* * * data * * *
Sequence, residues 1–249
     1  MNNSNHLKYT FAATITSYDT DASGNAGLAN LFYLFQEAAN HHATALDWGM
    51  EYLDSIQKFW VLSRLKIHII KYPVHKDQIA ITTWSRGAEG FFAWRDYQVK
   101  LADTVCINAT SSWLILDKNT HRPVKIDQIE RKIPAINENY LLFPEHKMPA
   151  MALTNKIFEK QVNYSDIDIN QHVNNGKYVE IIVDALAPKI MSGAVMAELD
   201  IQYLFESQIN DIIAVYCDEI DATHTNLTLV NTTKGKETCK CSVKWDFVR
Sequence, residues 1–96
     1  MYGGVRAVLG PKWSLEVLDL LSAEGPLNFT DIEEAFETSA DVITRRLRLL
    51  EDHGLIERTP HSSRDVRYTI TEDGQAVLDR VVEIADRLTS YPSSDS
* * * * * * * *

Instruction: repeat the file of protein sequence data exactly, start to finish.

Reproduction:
Sequence, residues 1–249
     1  MNNSNHLKYT FAATITSYDT DASGNAGLAN LFYLFQEAAN HHATALDWGM
    51  EYLDSIQKFW VLSRLKIHII KYPVHKDQIA ITTWSRGAEG FFAWRDYQVK
   101  LADTVCINAT SSWLILDKNT HRPVKIDQIE RKIPAINENY LLFPEHKMPA
   151  MALTNKIFEK QVNYSDIDIN QHVNNGKYVE IIVDALAPKI MSGAVMAELD
   201  IQYLFESQIN DIIAVYCDEI DATHTNLTLV NTTKGKETCK CSVKWDFVR
Sequence, residues 1–96
     1  MYGGVRAVLG PKWSLEVLDL LSAEGPLNFT DIEEAFETSA DVITRRLRLL
    51  EDHGLIERTP HSSRDVRYTI TEDGQAVLDR VVEIADRLTS YPSSDS